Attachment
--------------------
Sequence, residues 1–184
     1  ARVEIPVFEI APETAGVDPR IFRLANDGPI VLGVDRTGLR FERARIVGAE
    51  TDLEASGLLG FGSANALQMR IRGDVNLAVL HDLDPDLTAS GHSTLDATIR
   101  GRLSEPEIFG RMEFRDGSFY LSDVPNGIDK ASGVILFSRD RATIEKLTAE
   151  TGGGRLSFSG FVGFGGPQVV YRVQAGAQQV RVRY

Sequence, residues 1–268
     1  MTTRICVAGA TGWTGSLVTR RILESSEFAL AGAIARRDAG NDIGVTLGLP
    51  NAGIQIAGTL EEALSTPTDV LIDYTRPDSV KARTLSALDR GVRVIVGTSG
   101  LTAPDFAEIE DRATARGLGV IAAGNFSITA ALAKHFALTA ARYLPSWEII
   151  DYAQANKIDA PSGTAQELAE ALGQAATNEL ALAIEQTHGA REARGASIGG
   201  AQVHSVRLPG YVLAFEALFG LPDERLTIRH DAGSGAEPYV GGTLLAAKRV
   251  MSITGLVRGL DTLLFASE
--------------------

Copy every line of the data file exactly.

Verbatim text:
Sequence, residues 1–184
     1  ARVEIPVFEI APETAGVDPR IFRLANDGPI VLGVDRTGLR FERARIVGAE
    51  TDLEASGLLG FGSANALQMR IRGDVNLAVL HDLDPDLTAS GHSTLDATIR
   101  GRLSEPEIFG RMEFRDGSFY LSDVPNGIDK ASGVILFSRD RATIEKLTAE
   151  TGGGRLSFSG FVGFGGPQVV YRVQAGAQQV RVRY

Sequence, residues 1–268
     1  MTTRICVAGA TGWTGSLVTR RILESSEFAL AGAIARRDAG NDIGVTLGLP
    51  NAGIQIAGTL EEALSTPTDV LIDYTRPDSV KARTLSALDR GVRVIVGTSG
   101  LTAPDFAEIE DRATARGLGV IAAGNFSITA ALAKHFALTA ARYLPSWEII
   151  DYAQANKIDA PSGTAQELAE ALGQAATNEL ALAIEQTHGA REARGASIGG
   201  AQVHSVRLPG YVLAFEALFG LPDERLTIRH DAGSGAEPYV GGTLLAAKRV
   251  MSITGLVRGL DTLLFASE